The Mission implored Paul to pray, and to pray with thanksgiving because of the joy he had by watching God work grace into people’s lives. When’s the last time you have thought of that? What we see is that, Paul’s prayer is missionally minded and people focused, which brings Him joy in what God is doing.

From the Head…

Our passage today show us Four Key Aspects of Paul’s prayer for the Philippians.

1. How He Prays (1:3-4)

Paul Prays with “Thanksgiving” and “Joy.” Thanksgiving is a product of Joy, you can’t manufacture it. The Thanksgiving is motivated by why he prays, which leads us to the second point:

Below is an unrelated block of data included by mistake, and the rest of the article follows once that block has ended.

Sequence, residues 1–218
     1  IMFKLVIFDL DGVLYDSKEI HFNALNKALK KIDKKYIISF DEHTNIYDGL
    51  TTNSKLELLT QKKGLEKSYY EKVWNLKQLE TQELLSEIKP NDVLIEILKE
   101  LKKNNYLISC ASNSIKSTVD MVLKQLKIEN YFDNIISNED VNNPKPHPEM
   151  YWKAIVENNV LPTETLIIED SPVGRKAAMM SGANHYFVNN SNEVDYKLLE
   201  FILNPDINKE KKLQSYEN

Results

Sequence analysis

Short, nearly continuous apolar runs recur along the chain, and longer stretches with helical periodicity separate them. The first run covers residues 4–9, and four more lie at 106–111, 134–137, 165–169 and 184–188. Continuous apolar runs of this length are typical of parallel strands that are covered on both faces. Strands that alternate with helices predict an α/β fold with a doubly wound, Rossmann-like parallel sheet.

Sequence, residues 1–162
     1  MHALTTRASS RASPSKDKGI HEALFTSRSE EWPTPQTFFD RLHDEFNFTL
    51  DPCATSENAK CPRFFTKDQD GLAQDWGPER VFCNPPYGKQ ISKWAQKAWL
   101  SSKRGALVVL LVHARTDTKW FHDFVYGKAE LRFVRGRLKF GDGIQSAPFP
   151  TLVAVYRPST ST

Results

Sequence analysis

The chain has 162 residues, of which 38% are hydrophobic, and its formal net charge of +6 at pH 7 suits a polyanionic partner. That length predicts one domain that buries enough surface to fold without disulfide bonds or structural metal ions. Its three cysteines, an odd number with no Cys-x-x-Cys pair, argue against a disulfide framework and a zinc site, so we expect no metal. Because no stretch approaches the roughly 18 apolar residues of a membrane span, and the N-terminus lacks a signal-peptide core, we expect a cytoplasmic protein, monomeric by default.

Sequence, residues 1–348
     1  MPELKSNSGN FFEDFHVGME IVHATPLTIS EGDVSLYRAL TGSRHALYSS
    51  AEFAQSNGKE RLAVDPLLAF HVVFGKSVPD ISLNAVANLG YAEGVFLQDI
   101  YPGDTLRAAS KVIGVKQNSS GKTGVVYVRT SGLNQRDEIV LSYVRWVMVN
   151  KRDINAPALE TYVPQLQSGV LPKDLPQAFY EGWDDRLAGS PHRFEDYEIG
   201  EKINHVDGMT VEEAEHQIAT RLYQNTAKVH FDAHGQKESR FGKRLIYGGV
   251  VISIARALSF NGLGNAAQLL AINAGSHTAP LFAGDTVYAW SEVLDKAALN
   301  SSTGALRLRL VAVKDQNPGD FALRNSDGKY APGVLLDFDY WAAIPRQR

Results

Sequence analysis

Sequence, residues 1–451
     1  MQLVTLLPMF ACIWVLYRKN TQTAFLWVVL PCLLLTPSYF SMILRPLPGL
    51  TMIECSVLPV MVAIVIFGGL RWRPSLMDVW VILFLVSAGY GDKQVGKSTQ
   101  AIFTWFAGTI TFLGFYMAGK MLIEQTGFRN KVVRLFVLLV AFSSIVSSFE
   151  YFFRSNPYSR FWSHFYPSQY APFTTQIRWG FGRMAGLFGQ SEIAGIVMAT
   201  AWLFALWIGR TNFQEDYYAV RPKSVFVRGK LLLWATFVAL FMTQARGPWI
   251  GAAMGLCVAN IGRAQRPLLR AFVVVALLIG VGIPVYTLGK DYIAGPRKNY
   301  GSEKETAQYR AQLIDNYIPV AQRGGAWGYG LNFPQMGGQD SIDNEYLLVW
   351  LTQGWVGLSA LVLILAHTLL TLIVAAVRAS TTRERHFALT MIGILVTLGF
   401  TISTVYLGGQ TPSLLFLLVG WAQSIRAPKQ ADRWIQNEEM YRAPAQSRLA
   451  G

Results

2. Why He Prays (1:5-8)

Paul prays for them with Joy, because of their “Partnership in the Gospel” and the fact that God was evidently at work in their lives. Not only did Paul see the evidence of Grace, but he didn’t want them to miss it too. Sometime you need encouragement in the midst of hard times. Paul also wrote this letter, because he had a deep affection for these people, who were compadres with him in the Gospel, by aiding him in his imprisonment, and by “Defending” and “Confirming the Gospel. They labored with him. They stood side by side contending for the gospel, which is a strengthening tool, and a binding activity. This led Paul to pray for their continued growth, so that the result of the Gospel preached could be gospel lived, which leads us to our last point:

3. What He Prays (1:9-11)